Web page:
After nearly a decade of teacher evaluation reform, we are in the position to ask two key questions: How have teachers and administrators responded to the attempts to make teacher evaluation more meaningful? And are the new evaluation systems leading us down a path of improvement?
To explore the answers to those questions, our research team from the University of Southern California and Tulane University studied eight New Orleans schools implementing Louisiana’s Compass multiple-measure teacher evaluation system, which, like many of the new state systems, includes observations rated on a standard rubric, progress toward student learning goals, and value-added measures. Before the Compass system, Louisiana used a very simple observation procedure, which resulted in 99 percent of teachers receiving a “satisfactory” rating.
Several of the schools viewed the new Louisiana evaluation requirements as “top-down” mandates and time-consuming. They reported “going through the motions,” but didn’t typically change their teaching in response to evaluations. In other schools, staff undertook strategic actions to enhance their evaluation results, such as setting low goals for student learning or modifying their instruction only during observations to get high marks. In these cases, teachers were not focused on improvement but on “gaming the system.”
But in three schools the teachers and administrators we interviewed saw the evaluation process as a valuable opportunity for growth and reported using the new, more comprehensive evaluation results to improve instruction, such as learning to better facilitate small group instruction and to integrate a range of low-stakes quizzes and tests into daily instruction.
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Why did these schools respond more reflectively? While we can’t offer a definitive recipe, we identified several ingredients that we suspect contributed to the constructive responses.
First, schools that were allowed to contribute to the design of their evaluation systems tended to be more invested in reform. We found that educators’ buy-in was stronger in two schools that developed new evaluation systems that included more frequent observations, a much more detailed rubric for assessing classroom instruction, and extensive one-on-one coaching to support teachers in areas identified for growth.
Second, we found that in schools where administrators and teachers shared responsibilities for observing teachers, evaluators had the time to complete more thorough observations and to provide coaching.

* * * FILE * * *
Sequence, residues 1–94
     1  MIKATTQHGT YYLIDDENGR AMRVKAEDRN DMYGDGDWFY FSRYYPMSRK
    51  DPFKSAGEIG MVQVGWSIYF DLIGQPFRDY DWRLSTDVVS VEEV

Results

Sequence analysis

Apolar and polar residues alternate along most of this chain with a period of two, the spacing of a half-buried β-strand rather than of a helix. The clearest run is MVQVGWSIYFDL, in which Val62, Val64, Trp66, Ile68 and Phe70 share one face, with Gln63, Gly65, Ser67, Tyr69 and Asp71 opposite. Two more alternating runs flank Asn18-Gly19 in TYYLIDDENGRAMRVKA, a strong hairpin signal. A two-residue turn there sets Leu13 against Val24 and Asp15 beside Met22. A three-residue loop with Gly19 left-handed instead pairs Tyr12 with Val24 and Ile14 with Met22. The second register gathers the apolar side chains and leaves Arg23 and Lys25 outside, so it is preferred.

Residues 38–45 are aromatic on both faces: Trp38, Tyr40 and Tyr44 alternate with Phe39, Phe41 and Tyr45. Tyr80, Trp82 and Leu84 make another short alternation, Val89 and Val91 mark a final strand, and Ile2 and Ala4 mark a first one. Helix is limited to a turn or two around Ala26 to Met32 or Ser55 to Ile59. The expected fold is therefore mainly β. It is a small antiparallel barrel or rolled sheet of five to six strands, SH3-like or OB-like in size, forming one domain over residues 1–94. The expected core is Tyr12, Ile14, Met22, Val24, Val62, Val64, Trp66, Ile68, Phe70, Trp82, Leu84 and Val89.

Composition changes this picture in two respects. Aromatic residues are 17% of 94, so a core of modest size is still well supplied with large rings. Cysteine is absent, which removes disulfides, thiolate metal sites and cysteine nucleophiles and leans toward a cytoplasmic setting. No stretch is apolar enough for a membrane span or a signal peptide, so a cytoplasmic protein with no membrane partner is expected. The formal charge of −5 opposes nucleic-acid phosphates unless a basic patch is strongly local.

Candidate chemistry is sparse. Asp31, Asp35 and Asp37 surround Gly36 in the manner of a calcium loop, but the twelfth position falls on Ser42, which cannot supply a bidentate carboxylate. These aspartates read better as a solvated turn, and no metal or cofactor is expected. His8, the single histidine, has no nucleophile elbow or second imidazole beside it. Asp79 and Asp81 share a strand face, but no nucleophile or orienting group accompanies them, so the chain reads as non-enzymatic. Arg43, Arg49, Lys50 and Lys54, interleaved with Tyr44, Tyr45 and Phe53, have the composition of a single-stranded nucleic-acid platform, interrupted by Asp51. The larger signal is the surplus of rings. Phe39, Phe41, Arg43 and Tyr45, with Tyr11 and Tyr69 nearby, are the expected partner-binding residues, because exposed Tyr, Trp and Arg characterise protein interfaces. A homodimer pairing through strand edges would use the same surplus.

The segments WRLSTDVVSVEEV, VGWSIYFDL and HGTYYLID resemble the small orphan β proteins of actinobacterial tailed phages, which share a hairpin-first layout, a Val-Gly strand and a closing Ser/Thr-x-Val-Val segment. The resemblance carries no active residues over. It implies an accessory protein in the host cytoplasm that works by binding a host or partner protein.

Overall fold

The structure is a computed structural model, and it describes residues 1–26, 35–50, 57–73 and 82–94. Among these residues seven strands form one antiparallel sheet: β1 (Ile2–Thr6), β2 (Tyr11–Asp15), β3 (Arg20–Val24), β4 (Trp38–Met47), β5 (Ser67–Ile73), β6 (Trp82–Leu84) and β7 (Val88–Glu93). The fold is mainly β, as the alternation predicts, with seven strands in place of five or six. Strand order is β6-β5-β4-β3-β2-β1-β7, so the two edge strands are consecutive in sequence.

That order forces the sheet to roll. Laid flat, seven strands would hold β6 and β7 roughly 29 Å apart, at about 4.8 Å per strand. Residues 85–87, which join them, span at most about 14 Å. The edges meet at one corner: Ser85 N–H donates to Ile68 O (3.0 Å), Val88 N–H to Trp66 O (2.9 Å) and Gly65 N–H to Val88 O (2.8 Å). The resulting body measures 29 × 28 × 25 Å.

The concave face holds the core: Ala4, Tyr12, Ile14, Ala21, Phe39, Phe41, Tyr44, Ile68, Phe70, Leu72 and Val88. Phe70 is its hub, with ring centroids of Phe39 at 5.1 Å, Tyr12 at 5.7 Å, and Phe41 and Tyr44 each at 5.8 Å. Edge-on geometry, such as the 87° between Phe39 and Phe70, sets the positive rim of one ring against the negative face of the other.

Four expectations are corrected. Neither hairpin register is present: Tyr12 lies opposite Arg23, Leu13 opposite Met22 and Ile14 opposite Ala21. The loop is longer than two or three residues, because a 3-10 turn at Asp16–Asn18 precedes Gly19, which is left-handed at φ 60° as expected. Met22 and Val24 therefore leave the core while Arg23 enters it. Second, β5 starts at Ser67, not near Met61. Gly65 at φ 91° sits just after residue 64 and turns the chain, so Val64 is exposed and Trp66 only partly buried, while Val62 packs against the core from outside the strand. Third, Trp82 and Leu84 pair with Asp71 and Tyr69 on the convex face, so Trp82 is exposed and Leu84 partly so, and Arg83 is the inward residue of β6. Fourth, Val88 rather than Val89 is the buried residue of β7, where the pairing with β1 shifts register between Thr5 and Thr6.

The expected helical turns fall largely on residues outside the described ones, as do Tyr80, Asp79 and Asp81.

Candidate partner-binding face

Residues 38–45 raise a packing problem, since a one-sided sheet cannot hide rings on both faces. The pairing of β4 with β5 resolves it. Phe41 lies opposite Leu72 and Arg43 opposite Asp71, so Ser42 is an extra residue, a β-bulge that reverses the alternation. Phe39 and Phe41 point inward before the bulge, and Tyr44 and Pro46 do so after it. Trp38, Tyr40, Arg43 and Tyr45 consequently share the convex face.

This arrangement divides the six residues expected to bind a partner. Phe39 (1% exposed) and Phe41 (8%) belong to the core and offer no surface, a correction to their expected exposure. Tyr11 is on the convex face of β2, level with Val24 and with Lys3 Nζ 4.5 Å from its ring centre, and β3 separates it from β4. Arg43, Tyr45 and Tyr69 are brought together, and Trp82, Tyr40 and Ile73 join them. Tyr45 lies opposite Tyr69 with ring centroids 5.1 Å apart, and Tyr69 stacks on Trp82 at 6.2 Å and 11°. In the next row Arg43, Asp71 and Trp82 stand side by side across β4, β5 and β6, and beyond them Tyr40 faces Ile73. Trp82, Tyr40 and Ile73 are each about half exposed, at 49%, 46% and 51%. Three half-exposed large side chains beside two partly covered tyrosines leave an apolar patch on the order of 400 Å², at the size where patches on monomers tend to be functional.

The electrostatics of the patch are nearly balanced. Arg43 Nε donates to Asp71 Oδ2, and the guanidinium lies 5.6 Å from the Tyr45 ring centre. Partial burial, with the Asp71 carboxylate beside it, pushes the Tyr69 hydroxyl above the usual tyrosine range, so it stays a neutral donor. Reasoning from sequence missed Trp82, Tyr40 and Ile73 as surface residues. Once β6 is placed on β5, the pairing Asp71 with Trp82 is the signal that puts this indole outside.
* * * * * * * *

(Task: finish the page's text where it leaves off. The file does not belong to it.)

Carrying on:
Finally, dedicated time for teacher collaboration played a part. Opportunities for teachers to work together helped them address the feedback they received during evaluations. Teachers in one school established goals based on their evaluations—such as improving student performance on interim math tests—and met weekly to review student work, model instructional techniques, and find and discuss new instructional strategies to meet their goals.
Our study suggests that simply tinkering with state evaluation systems may not move the needle. If we want the tremendous investment in improved teacher evaluations to pay off—and let’s be clear, everyone knows how labor-intensive it is to observe, evaluate, provide feedback to, and support teachers—we seemingly need to look beyond minor adjustments to the standards being assessed, the measures used, or even the number of classroom observations required.
Let’s engage school educators to help develop the tools and processes. Let’s ensure that school leaders have help with other job responsibilities so they or others have the time to devote to the evaluation process (instruction, after all, is the heart of the educational process, isn’t it?). And let’s guarantee that teachers have regular opportunities to collaborate with peers, receive coaching to respond to feedback and, ultimately, achieve the standards on which they are being evaluated.
Susan Bush-Mecenas is a PhD candidate and Provost’s fellow at the University of Southern California’s Rossier School of Education. Her research interests include organizational learning, district capacity building, and accountability policy.
Julie A. Marsh, is an Associate Professor of Education Policy at the University of Southern California’s Rossier School of Education, who specializes in research on K-12 policy. Her research blends perspectives in education, sociology, and political science.
Their study was published in Educational Evaluation and Policy Analysis, and their research informs a related policy brief.